So what is the biggest threat to bass in our area?

For a long time we have been aware of a huge scale commercial fishery for bass that is carried out just off Cornwall’s coastline by fleets of French pair trawlers. Pairs of these efficient and modern vessels pull a huge midwater net between them, which enables them to capture entire shoals of bass when they congregate to spawn in open water. This is a critical life stage for the bass, and it seriously threatens the reproductive potential of the stock to catch them at this time. Pair trawling has also has been shown to have serious issues with bycatch of dolphins and porpoises.  Additionally many anglers are concerend at levels of gill net fishing being carried out in Cornwall close to shore for bass affecting bass stocks. 

There is some good news...

The recent good news is that bass conservation has finally moved up the political agenda, and this winter following a challenge by UK Government, the European Commission have prioritised bass management and brought in emergency measures to temporarily close the pair trawl fishery for bass. 
This is fantastic news for now, but what will happen next winter is still uncertain.  At least there is now an acknowledged need for much better management of bass across the whole of Europe. It has been mentioned that potential measures could include raising minimum landing sizes across the EU, capping commercial landings, and imposing a recreational bag limit on anglers but these measures are still in development and will be the responsibilityof member states to agree and enforce. Cornwall Inshore Fisheries and Conservation Authority (CIFCA) are well aware of the issues surrounding bass managment and are the lead organisation managing bass fisheries within Cornwalls waters and estuaries.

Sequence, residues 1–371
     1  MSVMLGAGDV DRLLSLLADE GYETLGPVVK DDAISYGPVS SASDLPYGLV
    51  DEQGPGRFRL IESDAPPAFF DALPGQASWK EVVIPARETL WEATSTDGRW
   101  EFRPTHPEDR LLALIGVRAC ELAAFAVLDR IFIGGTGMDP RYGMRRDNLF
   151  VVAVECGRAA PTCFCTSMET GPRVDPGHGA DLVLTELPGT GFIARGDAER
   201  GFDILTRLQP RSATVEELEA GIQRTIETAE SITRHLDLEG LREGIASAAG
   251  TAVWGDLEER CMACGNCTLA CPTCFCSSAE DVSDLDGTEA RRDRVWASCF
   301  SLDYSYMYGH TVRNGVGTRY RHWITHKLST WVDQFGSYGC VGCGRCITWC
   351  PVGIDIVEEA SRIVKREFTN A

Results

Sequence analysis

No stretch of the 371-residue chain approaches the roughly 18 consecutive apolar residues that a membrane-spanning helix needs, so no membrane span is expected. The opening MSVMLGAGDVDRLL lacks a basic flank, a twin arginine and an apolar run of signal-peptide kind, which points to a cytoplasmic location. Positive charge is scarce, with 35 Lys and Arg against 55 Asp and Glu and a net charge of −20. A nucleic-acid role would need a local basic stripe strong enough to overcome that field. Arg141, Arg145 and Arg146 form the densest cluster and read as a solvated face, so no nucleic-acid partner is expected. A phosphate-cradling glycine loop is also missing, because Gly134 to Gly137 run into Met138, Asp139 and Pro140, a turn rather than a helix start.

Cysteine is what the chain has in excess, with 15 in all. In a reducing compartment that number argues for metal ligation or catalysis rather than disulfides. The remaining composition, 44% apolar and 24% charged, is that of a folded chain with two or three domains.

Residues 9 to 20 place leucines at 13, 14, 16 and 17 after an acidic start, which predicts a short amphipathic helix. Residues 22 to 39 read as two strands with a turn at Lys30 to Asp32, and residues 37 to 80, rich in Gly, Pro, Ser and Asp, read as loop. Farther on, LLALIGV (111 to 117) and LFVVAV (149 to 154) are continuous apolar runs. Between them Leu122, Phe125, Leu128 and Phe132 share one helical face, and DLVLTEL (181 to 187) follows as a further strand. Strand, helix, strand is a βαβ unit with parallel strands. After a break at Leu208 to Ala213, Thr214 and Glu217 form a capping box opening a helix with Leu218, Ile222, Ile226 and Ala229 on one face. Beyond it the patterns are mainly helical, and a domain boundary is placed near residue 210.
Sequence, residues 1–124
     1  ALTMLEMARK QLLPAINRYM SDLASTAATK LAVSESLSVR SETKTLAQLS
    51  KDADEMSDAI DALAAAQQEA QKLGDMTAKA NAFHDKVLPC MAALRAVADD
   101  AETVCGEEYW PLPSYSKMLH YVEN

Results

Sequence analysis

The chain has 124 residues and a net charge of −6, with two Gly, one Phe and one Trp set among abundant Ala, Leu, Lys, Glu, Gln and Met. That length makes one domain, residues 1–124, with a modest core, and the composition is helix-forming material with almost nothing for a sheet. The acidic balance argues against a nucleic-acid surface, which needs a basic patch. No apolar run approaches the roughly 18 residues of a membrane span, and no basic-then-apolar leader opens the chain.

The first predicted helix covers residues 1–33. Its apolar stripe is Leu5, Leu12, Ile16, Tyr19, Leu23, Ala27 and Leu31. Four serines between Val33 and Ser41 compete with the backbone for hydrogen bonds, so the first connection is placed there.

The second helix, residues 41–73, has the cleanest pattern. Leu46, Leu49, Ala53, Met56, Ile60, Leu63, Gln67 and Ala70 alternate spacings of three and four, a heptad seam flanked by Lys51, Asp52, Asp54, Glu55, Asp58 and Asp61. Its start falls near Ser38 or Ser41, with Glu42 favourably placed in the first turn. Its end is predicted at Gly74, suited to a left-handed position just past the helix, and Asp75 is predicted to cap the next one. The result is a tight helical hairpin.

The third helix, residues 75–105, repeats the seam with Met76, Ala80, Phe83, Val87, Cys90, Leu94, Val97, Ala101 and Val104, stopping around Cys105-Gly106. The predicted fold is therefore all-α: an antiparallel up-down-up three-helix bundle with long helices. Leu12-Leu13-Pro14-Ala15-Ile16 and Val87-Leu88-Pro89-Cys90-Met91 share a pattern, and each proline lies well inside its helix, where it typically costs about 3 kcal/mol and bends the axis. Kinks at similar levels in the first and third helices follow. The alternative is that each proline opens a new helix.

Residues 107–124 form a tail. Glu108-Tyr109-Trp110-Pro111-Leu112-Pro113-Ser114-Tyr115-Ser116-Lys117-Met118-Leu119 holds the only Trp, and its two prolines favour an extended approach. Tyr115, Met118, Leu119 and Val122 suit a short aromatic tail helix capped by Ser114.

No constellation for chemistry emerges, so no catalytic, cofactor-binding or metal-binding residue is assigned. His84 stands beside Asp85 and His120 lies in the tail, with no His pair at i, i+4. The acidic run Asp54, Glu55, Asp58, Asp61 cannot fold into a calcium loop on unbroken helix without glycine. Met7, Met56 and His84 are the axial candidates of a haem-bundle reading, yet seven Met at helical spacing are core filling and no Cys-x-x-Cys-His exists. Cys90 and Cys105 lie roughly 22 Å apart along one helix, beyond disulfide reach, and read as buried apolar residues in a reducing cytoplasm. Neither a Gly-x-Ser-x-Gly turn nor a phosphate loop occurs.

It is extremely frustrating for Cornish fishermen to be faced with this situation, when here in Cornwall we lead the way in bass conservation, and the majority of our bass fishermen use sustainable methods. Sadly though, until stock levels improve and better European management is brought in, the system we currently use to score fish means that it will be unlikely that bass can be recommended by Cornwall Good Seafood Guide.  In comparison to pair trawling handline fishing for bass takes a tiny percentage of the total EU catch and the method is far more selective and environmentally friendly. If you like eating bass, Cornish line-caught bass is still the best option. You should avoid eating net caught and farmed bass (unless it is organically farmed).

Tips if you like eating bass:

The best choice is line-caught Cornish bass – labelled by the South West Handline Fishermen’s Association.
Only buy or eat bass that are larger than minimum size 37.5 cm
Don’t eat farmed bass unless it is certified as organic.
You can find out more infomation on bass here.

Cornwall Good Seafood Guide is underpinned by the Marine Conservation Society (MCS) Good Fish Guide. The first UK consumer guide to sustainable seafood. For more information visit